policeman and police dog

Dogs Don’t Just Bark And Bite

It’s amazing what dogs can do. Dogs can be a lot more than at-home door greeters or YouTube stars. When trained, dogs are capable of advanced tasks that are very helpful, and often necessary to their human owners.

How Dogs Became Aids for the Disabled in the United States

A guide dog, often referred to more broadly as a service dog, can help a blind or visually impaired person navigate the world without hitting obstacles in their path. Although dogs have been referred to as guides for the blind as early as the mid 16th century, the practice of training dogs as service animals did not begin in the United States until the late 1920s.

The use of “Seeing Eye Dogs” in the United States began when a Nashville man, Morris Frank, read about dogs being trained as guides for blinded veterans of World War I in Germany. Frank wrote to the trainer, Dorothy Harrison Eustis, an American training German shepherd police dogs in Switzerland. Frank and Eustis trained with the dog “Buddy” in Switzerland.

First Guide Dog on Busy NYC Street

Amid a throng of reporters, Morris showed the United States how his training with Buddy allowed him to navigate the streets of NYC without aid from another person. Today, the organization says that it has trained over 14,000 guide dogs. There are other organizations that help provide guide dogs to the blind.

Morris Frank pictured with guide dog, “Buddy.” The two showed how dogs could be used to guide the blind on busy streets.

First Guide Dog, “Buddy”, walked across busy NYC street by Morris Frank

Service Animals Help Recover Independence of Disabled

Today service dogs serve more than just the blind. Service dogs can provide assistance to those with hearing impairments, disabilities, mental illnesses (such as PTSD), seizure discorder, mobility impairment, and diabetes. Under the Americans with Disabilities Act of 1990, service animals are defined as animals that have been trained to do work or duties to relieve a person’s disability.

Definition of Service Animal Provided in ADA Excludes Comfort Animals

Though the purr of a cat, or your dog’s excited leaps towards the door when you destress from a long day of work may do more for you than any anti-anxiety medication, common household pets do not perform “work” for a disability as defined within the Americans with Disabilities Act.

Litigation Examples Arising from ADA

Uber faced a series of lawsuits in early 2015 from disabled passengers with wheelchairs to blind passengers with guide dogs. In May of 2016, the ride-hailing giant (well-known in Austin for attempting to write its own rulebook) settled a putative California federal class action accusing the ride-hailing service of violating the ADA and alleging drivers for the company’s UberX service often refuse rides to blind customers with service animals.

The outcome? Uber agreed to pay the National Federation of the blind $225k over three years, and perhaps more importantly, to publish a revised policy to bolster the protections for guide dogs. There will be “no exceptions for allergies or religious objections” and record keeping of any infractions that may occur with the new policy. Blind plaintiffs who had been customers of Uber stated that the company had denied them service, left them in inclement weather when service was refused to the guide dog, or known to harass guide dogs or disabled customers.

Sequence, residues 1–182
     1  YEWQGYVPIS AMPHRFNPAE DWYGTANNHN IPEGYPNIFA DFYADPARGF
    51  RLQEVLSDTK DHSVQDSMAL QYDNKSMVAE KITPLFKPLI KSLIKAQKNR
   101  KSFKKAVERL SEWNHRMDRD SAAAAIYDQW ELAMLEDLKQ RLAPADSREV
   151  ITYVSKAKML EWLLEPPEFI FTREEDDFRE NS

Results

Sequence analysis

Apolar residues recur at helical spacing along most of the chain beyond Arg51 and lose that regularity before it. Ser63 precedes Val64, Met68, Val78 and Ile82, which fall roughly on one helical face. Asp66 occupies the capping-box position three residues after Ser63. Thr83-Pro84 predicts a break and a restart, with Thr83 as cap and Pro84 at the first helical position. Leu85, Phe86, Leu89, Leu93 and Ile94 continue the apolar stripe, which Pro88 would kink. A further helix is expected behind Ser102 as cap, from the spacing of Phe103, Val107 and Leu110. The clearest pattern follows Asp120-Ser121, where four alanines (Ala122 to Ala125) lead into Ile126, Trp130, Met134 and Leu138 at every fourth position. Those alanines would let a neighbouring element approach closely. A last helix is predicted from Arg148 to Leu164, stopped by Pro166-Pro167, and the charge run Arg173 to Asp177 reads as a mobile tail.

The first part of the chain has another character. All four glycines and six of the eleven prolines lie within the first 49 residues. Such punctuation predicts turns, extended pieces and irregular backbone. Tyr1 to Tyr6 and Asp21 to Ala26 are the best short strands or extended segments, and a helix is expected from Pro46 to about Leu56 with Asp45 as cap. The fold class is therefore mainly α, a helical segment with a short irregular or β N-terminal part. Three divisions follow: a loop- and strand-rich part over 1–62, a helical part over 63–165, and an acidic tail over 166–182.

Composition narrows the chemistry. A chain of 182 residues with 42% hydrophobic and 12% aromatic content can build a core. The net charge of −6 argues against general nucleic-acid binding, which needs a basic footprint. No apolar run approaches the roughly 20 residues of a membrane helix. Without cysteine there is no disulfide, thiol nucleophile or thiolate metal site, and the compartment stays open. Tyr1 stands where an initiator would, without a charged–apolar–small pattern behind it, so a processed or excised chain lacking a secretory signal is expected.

Service Dogs Use Sense of Smell to Protect

Dogs can sniff out when you’ve been petting another creature – and they can be trained to sniff out bombs. A trip to the Austin Bergstrom International Airport might give you insight into how an explosive dog detector goes about his work. With more than 220 million olfactory receptors in their nose, the dogs guided past travelers in security lines are hard at work keeping passengers safe.

Sense of Smell Prevents Injury from Bombs, Cancer

Studies in Japan revealed that dogs were more effective at sniffing out Bowel Cancer than doctors were detecting the cancer through traditional screening procedures.

A Labrador was trained to identify the smell of a patient with bowel cancer, and tell the difference between a healthy patient.

All About Police and Public Safety Dogs

A dog’s sense of smell can find illegal drugs at police traffic stops, in airports or train stations and on drug raids. But how are dogs trained to search for illegal drugs, and why do police use them?
Most drug dogs are bred and trained from birth for a career as drug detection dogs. The most common breeds used for this job are:

  • German Shepherds
  • Dutch Shepherds
  • Belgian Shepherds
  • Labradors

These breeds are most often chosen for this job because they have a strong sense of smell and are intelligent and aggressive.

At an early age, drug detection dogs are taught to recognize the smell of specific drugs, usually marijuana, crack, cocaine, heroin and methamphetamines through playing games, typically tug-of-war, with a trainer. Police teach the dogs to associate the smell of their favorite toys with the smell of various drugs. This training forms the foundation for drug detection dogs’ enthusiasm for finding illegal substances.

In the field, dogs are taught to give an “aggressive” alert signal if they smell illegal drugs, meaning that they dig and paw at the spot where they smell the drugs in an attempt to get at the toy they think they smell. Once they find drugs, their job is over and they get rewarded with a vigorous game of tug-of-war.

Dogs Can Be Life-Saving and Safety Protectors

Dogs don’t just bark and bite. In fact, if you keep your dogs happy and healthy by playing with them at home and walking them outside often, then your dog (or dogs) shouldn’t bark or bite.
If you or someone you love is the victim of a dog bite, then contact the McMinn Law Firm today to get the help you need and the settlement you deserve.